Veterans Day gives Americans the opportunity to celebrate the bravery and sacrifice of all U.S. veterans – Not only to remember those who died in service to our country, but to also recognize those who continue to serve today.
History of Veterans Day
Although World War I officially ended with the signing of the Treaty of Versailles on June 28, 1919, the end of hostilities of World War I occurred at the 11th hour on the 11th day of the 11th month in 1918. Therefore, Veterans Day (originally Armistice Day) is recognized on November 11th.
In November 1919, President Wilson proclaimed November 11th as the first commemoration of Armistice Day with the following words: “To us in America, the reflections of Armistice Day will be filled with solemn pride in the heroism of those who died in the country’s service and with gratitude for the victory, both because of the thing from which it has freed us and because of the opportunity it has given America to show her sympathy with peace and justice in the councils of the nations…”
On May 13, 1938, the 11th of November was made the legal holiday—a day to be dedicated to the cause of world peace and to be thereafter celebrated and known as “Armistice Day.” Armistice Day was primarily a day set aside to honor veterans of World War I, however, in 1954, after World War II had required the greatest mobilization of soldiers, sailors, Marines and airmen in the Nation’s history, and after American forces had fought aggression in Korea, the 83rd Congress, at the urging of the veterans service organizations, amended the Act of 1938 by striking out the word “Armistice” and inserting in its place the word “Veterans.” With the approval of this legislation on June 1, 1954, November 11th became a day to honor American veterans of all wars.
October 8th that same year, President Dwight D. Eisenhower issued the first “Veterans Day Proclamation” which stated: “In order to insure proper and widespread observance of this anniversary, all veterans, all veterans’ organizations, and the entire citizenry will wish to join hands in the common purpose. Toward this end, I am designating the Administrator of Veterans’ Affairs as Chairman of a Veterans Day National Committee, which shall include such other persons as the Chairman may select, and which will coordinate at the national level necessary planning for the observance. I am also requesting the heads of all departments and agencies of the Executive branch of the Government to assist the National Committee in every way possible.”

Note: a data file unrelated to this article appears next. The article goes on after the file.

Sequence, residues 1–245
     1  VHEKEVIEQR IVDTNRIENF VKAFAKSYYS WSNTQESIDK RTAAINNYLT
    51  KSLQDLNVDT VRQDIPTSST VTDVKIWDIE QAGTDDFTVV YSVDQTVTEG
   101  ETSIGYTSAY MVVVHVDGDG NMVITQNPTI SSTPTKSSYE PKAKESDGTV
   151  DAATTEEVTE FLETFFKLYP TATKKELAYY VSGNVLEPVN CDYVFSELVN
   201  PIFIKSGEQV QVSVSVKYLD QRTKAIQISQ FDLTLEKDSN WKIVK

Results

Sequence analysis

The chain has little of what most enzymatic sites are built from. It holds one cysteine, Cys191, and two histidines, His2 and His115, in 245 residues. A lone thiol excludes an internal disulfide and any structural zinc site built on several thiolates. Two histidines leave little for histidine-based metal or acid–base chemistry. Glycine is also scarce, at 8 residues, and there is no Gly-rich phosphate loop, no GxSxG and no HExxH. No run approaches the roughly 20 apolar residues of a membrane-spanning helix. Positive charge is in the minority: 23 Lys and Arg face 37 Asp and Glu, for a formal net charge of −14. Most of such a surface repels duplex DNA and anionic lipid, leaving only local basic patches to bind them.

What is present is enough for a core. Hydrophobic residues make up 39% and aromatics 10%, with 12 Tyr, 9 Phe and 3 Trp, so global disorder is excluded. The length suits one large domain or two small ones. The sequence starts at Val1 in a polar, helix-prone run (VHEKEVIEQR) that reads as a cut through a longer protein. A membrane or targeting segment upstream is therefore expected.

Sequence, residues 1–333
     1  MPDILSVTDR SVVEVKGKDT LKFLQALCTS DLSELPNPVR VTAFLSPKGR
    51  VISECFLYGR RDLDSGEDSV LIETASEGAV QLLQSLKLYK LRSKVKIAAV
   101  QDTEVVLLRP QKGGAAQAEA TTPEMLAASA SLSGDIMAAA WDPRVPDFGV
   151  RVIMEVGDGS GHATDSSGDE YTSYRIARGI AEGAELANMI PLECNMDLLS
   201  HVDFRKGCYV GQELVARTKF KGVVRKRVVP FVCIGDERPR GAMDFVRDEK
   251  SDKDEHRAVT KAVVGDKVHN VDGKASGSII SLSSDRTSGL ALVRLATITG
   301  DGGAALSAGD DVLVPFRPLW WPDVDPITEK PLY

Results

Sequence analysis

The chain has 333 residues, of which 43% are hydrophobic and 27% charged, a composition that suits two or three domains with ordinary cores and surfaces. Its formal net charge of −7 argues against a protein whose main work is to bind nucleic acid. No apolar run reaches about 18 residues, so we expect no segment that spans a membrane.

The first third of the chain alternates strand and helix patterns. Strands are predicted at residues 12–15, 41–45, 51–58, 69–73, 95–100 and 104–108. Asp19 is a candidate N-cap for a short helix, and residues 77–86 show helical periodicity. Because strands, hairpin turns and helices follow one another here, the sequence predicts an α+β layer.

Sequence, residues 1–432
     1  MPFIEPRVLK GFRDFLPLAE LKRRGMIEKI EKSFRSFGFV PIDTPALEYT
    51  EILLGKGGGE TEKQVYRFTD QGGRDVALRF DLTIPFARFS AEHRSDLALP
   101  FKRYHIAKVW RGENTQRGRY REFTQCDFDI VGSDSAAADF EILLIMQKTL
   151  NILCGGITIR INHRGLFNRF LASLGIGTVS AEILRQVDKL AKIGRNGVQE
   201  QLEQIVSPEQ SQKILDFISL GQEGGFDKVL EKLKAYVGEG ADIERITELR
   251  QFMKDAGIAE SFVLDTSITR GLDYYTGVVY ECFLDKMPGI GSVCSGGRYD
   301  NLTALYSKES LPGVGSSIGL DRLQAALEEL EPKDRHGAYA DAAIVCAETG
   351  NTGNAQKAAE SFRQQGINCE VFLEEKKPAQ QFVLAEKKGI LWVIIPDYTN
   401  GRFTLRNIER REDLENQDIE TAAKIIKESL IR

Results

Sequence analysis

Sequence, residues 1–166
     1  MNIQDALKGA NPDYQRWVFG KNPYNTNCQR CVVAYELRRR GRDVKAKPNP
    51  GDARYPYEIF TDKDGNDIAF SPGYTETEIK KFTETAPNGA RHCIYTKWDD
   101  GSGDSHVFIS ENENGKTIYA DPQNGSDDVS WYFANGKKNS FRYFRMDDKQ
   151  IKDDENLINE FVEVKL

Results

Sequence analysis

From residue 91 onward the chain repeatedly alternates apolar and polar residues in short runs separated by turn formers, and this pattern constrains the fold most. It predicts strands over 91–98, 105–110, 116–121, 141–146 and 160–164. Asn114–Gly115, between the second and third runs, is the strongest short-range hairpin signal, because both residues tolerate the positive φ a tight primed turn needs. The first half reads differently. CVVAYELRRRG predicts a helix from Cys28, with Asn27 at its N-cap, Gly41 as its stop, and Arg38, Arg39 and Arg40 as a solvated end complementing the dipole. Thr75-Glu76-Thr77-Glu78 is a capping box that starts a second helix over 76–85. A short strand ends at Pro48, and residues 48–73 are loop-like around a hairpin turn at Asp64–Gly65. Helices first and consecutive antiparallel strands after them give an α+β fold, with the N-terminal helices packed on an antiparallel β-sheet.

President Eisenhower signing HR7786, changing Armistice Day to Veterans Day.
On June 28, 1968 The Uniform Holiday Bill (Public Law 90-363 (82 Stat. 250)) was signed, and was intended to ensure three-day weekends for Federal employees by celebrating four national holidays on Mondays: Washington’s Birthday, Memorial Day, Veterans Day, and Columbus Day. Many states did not agree with this decision and continued to celebrate the holidays on their original dates.
The first Veterans Day under the new law was observed with much confusion on October 25, 1971. It was quite apparent that the commemoration of this day was a matter of historic and patriotic significance to a great number of our citizens, and so on September 20th, 1975 President Gerald R. Ford signed Public Law 94-97, which returned the annual observance of Veterans Day to its original date of November 11, beginning in 1978. This action supported the desires of the overwhelming majority of state legislatures, all major Veterans service organizations and the American people.
Veterans Day continues to be observed on November 11, regardless of what day of the week it falls. The restoration of the observance of Veterans Day to November 11th preserves the historical significance of the date, and helps focus attention on the important purpose of Veterans Day: A celebration to honor America’s veterans for their patriotism, love of country, and willingness to serve and sacrifice for the common good.